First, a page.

5

That's insecure. In BLS signatures: for private key $x$ and public key $X = xP$, the signature is computed as $T = xS$, and the verification checks if $e(T, P) = e(S, X)$, which works because: $e(T, P) = e(xS, P) = e(xS, P) = e(S, P)^x$ $e(S,X) = e(S, xP) = e(S, P)^x$ If you know that $S = kP$, then you can forge a signature for a message with hash $k'$ ...


4

Well, the Boneh-Lynn-Shacham "BLS" signature scheme is currently in the process of being standardized through an Internet Draft named "draft-irtf-cfrg-bls-signature-00" (a working document of the Internet Engineering Task Force "IETF"), which you can track here. It appears Algorand might be behind this process, along with Dan Boneh's own support. As stated ...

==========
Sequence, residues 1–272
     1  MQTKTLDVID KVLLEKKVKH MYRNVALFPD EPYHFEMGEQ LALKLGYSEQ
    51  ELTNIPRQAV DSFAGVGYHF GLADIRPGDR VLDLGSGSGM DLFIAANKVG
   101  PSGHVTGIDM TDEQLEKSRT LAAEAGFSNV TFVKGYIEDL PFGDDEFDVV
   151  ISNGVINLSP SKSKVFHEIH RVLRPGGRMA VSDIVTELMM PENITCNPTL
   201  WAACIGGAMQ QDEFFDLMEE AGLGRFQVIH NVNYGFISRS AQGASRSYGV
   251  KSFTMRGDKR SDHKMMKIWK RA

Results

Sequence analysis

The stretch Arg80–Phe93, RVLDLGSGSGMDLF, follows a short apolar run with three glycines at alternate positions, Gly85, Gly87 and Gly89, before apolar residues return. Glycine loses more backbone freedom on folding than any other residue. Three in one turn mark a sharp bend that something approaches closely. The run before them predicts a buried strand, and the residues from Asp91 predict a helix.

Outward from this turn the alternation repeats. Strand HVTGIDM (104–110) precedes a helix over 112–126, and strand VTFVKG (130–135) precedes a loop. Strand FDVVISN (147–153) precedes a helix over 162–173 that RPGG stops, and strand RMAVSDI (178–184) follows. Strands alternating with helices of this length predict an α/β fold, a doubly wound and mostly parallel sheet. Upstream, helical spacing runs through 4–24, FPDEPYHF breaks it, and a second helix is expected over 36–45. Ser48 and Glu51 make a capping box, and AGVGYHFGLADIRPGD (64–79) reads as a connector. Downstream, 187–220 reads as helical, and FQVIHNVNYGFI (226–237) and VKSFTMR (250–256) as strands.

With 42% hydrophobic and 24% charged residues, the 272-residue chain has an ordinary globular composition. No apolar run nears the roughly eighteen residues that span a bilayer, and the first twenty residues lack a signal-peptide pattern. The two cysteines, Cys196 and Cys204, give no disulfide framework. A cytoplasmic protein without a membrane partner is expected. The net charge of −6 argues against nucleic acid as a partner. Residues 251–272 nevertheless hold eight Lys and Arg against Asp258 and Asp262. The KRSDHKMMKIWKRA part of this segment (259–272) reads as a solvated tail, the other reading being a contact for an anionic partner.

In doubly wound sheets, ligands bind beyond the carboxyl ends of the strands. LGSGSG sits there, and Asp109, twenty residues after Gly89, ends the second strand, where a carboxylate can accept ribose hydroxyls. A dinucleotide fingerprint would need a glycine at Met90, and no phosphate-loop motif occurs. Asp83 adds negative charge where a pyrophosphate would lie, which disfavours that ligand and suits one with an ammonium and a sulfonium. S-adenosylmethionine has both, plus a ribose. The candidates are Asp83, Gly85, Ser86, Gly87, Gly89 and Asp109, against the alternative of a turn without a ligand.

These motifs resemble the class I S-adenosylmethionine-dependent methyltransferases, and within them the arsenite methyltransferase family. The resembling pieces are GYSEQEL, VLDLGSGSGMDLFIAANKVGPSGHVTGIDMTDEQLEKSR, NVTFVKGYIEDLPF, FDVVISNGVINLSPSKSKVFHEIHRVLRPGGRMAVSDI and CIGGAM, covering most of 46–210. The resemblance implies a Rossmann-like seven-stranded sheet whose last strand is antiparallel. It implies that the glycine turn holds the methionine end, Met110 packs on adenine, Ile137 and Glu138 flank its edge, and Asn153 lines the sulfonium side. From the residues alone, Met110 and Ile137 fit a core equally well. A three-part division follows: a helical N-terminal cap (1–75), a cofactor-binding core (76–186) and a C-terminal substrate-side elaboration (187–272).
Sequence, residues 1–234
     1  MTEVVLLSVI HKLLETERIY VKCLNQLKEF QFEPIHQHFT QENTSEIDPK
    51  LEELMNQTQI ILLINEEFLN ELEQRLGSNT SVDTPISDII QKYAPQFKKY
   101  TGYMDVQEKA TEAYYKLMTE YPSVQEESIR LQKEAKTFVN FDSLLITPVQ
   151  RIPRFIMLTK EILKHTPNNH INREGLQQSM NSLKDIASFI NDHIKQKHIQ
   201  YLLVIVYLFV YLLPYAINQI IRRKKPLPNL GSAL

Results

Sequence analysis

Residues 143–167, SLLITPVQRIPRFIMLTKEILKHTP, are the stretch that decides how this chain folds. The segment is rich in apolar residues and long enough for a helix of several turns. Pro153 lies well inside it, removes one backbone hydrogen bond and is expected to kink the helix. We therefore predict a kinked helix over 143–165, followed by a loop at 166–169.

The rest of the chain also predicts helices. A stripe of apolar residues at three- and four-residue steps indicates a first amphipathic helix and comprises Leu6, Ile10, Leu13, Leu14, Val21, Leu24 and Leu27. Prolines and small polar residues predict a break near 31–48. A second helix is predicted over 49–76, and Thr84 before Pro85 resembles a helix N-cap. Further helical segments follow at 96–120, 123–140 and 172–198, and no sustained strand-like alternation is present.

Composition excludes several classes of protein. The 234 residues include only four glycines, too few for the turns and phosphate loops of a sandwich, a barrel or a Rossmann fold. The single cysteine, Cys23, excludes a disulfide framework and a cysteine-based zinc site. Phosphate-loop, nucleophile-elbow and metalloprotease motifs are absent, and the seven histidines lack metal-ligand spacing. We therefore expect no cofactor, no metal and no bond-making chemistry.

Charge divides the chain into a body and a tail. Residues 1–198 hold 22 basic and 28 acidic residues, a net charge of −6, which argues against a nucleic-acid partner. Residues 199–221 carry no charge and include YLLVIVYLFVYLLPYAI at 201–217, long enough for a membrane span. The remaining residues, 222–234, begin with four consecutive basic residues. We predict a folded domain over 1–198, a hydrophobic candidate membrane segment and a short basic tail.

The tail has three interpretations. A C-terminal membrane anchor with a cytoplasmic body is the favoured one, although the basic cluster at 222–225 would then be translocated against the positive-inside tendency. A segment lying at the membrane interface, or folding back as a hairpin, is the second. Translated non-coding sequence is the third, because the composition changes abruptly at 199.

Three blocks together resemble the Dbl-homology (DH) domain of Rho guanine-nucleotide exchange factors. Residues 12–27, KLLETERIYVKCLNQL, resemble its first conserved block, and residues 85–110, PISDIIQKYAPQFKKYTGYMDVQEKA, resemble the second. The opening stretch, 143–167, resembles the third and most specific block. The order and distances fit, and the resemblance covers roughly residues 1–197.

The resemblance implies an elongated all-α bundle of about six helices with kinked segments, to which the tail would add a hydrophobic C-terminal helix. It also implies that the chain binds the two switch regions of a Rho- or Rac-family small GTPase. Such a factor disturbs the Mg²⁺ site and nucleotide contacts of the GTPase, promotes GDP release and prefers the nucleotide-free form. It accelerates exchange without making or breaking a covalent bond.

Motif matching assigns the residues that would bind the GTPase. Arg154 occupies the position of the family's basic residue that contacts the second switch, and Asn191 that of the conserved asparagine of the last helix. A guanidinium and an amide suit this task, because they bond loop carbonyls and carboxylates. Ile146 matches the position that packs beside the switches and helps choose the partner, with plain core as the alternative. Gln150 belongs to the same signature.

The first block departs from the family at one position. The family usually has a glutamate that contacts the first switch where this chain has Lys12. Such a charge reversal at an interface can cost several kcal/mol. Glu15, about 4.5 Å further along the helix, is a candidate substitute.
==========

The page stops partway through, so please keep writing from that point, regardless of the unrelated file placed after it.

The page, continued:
3

You can. Low-embedding degree may be bad due to the MOV attack, but pairing-friendly curves are particularly chosen so that the embedding degree is low but still enough to not decrease security. So any elliptic curve algorithm should be safe on the curve, not only pairing-based ones. Some observations: ECDSA if often used with NIST curves with cofactor 1. ...


1

You can't convert the signature output from one algorithm to another, especially not ones relying on random oracles.


1

It depends on whether the pairing is a type 1 pairing or some other type of pairing. In a type 1 pairing, $S$ is a multiple of $P$. In any other type of pairing, $S$ is not a multiple of $P$.


1

You cannot create a verifiable $Z$ but you can create a verifiable $W$ but you have to add public keys multiple times as well. So $W$ can be verified using a key $PK_a + 2*PK_b + 2*PK_c + PK_d$ if you had the same message or doing having multiple pairings for each repeated key in case of distinct messages


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